Well, first thing’s first. When a person is arrested in Collin County, he or she is usually taken to the Collin County Detention Center located at 4300 Community Avenue, McKinney, Texas 75071. This is usually for one of two reasons, if not both. One, several cities in Collin County do not have their own jail facilities. Therefore, they must use Collin County’s central jail. Two, unless a person is arrested for a Class C Misdemeanor (which isn’t too common), his or her charge will eventually be filed in either the county or district court depending on whether the charge is a misdemeanor (county) or felony (district). Cities do not have county and district courts. Only the county does. So, it makes sense that a person who is arrested for a crime that will ultimately be prosecuted in a county or district court would be held in custody at the county jail.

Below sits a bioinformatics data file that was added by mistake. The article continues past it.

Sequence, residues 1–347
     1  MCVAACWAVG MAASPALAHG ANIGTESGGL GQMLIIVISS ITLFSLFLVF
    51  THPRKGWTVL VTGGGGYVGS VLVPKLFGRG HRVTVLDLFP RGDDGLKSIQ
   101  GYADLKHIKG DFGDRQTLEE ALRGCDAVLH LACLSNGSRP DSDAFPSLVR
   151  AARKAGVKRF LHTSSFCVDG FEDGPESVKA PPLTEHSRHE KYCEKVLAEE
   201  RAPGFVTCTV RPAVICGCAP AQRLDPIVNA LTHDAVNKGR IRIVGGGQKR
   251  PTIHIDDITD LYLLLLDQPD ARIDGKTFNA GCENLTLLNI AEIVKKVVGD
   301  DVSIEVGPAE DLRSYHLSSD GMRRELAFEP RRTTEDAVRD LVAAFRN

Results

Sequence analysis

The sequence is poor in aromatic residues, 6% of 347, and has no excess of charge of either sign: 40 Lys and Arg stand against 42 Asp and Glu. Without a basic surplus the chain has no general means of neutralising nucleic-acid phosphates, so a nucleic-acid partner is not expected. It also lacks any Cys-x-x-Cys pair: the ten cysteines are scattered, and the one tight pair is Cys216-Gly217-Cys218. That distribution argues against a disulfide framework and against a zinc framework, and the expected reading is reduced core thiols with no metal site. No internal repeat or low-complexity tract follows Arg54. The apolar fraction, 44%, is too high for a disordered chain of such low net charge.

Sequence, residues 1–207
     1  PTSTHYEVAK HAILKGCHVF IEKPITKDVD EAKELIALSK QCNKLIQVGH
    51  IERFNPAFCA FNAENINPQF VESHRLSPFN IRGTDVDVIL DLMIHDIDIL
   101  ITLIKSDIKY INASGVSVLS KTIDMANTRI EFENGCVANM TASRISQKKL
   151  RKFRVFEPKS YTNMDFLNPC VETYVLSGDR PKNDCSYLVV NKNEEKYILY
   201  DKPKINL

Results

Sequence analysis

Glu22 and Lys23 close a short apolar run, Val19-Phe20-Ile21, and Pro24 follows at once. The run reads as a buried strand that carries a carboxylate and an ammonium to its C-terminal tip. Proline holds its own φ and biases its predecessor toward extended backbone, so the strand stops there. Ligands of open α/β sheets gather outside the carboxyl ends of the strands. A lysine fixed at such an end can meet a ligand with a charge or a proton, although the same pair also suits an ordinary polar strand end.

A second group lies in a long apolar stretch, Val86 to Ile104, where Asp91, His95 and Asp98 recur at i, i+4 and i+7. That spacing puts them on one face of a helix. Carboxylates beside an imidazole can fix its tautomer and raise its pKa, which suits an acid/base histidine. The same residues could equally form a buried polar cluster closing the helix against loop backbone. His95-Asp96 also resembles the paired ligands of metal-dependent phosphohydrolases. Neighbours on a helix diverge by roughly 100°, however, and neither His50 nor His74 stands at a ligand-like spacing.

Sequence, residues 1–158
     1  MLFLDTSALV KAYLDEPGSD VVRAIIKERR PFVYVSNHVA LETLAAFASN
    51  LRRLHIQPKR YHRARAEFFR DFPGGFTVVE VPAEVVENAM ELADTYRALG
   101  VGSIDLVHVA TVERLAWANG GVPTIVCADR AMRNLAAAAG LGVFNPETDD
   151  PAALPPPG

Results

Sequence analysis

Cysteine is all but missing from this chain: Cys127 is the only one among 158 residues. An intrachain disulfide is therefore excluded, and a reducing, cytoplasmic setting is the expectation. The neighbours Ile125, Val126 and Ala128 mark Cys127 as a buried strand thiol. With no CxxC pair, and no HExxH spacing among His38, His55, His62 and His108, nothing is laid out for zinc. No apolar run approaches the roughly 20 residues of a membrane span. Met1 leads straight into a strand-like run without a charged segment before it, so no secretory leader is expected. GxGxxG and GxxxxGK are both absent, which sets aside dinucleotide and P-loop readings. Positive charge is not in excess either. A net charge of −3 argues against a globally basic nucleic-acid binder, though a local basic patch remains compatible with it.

Let’s look at an example to help understand how this works. The City of Plano has their own jail facility. So, if you’re arrested for an outstanding traffic citation (Class C Misdemeanor) that you received in the City of Plano, chances are you will be arrested and held in the Plano jail until you make arrangements to take care of your warrant. However, if you’re arrested in Plano for Driving While Intoxicated, a Class B Misdemeanor, chances are extremely good that you’ll be taken directly to the Collin County Detention Center because the charge will eventually be filed in the County Court.

So, if a friend or a family member is arrested, it is helpful to know what they’ve been arrested for. However, as I mentioned above, people are usually only arrested for crimes that are greater than a Class C Misdemeanor which means that they’ll probably end up at the Collin County Detention Center. You can conduct an inmate search of the Detention Center here. Please note, however, that sometimes you have to wait up to 24 hours for the site to update since the book-in process can sometimes take several hours.